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An Investigation of Self-reported Health-related Productivity Loss in Office Workers and Associations With Individual and Work-related Factors Using an Employer's Perspective

Pereira, Michelle Jessica MPhty (Sports Physiotherapy); Johnston, Venerina PhD; Straker, Leon Melville PhD; Sjøgaard, Gisela PhD; Melloh, Markus MD, PhD; O’Leary, Shaun Patrick PhD; Comans, Tracy Anne PhD

Journal of Occupational and Environmental Medicine: July 2017 - Volume 59 - Issue 7 - p e138–e144
doi: 10.1097/JOM.0000000000001043
ORIGINAL ARTICLES
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Objective: Office workers have a high prevalence of musculoskeletal conditions. This can be a significant economic burden due to health-related productivity loss. Individual and work-related factors related to office worker health-related productivity were investigated.

Methods: A survey including the Health and Work Performance Questionnaire, which estimated productivity loss, also recorded individual and work-related factors with potential associations with health-related productivity. Muscle function and workstation ergonomics were examined through physical assessments. Linear models investigated the relationships between these factors and health-related productivity.

Results: Significant factors identified were occupational category (0.001 < P < 0.050), job satisfaction (P < 0.001), psychological wellbeing (P = 0.031), and musculoskeletal pain (P = 0.023). Health-related productivity loss was greater in office workers working as managers, with lower job satisfaction and psychological wellbeing, and those with musculoskeletal pain.

Conclusion: Office worker health-related productivity loss is represented by a combination of both individual and work-related factors.

Health Services and Outcomes Research, National Healthcare Group, Singapore (Ms Pereira), Physiotherapy, School of Health and Rehabilitation Sciences, The University of Queensland, Brisbane, Queensland, Australia (Ms Pereira, Drs Johnston, O’Leary), School of Physiotherapy and Exercise Science, Curtin University, Perth, Western Australia, Australia (Dr Straker), Department of Sport Sciences and Clinical Biomechanics, Faculty of Health Sciences, University of Southern Denmark, Odense, Denmark (Dr Sjøgaard), Centre for Medical Research, The University of Western Australia, Perth, Western Australia, Australia (Dr Melloh), Curtin Medical School, Curtin University, Perth, Western Australia, Australia (Dr Melloh), Institute of Health Sciences, Zurich University of Applied Sciences, Winterthur, Switzerland (Dr Melloh), Department of Physiotherapy, Royal Brisbane and Women's Hospital, Queensland Health, Brisbane, Queensland, Australia (Dr O’Leary), Menzies Health Institute Queensland, Griffith University, Meadowbrook, Brisbane, Queensland, Australia (Dr Comans), and Metro North Hospital and Health Service, Herston, Brisbane, Queensland, Australia (Dr Comans).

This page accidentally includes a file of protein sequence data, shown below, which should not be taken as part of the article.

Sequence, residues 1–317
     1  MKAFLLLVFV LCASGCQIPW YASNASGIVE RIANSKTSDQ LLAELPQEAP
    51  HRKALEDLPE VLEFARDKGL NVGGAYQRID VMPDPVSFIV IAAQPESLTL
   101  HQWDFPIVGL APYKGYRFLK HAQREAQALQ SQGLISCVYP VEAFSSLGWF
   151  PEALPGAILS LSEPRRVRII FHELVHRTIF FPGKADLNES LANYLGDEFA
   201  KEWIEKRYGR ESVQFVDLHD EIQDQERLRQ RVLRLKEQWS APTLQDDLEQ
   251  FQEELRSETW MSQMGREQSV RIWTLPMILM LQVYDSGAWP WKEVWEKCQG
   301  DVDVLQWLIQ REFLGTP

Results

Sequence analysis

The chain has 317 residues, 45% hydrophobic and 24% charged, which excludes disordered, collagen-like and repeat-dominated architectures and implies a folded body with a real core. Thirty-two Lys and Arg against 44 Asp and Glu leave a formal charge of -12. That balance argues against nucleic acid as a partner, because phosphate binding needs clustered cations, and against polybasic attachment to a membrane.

Address correspondence to: Michelle Jessica Pereira, MPhty (Sports Physiotherapy), Health Services and Outcomes Research, National Healthcare Group, Singapore 138543, Singapore (michelle_jessica_pereira@nhg.com.sg).

The National Health and Medical Research Council (NHMRC) of Australia under Grant #12609000051246 supported this work. Ms Pereira is supported by an Australian Postgraduate Award and Professor Straker is supported by a NHMRC senior research fellowship (#1019980).

MJP, VJ, TAC formulated the research question and outlined the research design. MJP analyzed the data, reviewed the existing literature, and drafted the manuscript. VJ, LMS, GS, MM, SPO, and TAC critically reviewed and revised the manuscript. All authors read and approved the final manuscript. The authors declare that they have no competing interests.

Copyright © 2017 by the American College of Occupational and Environmental Medicine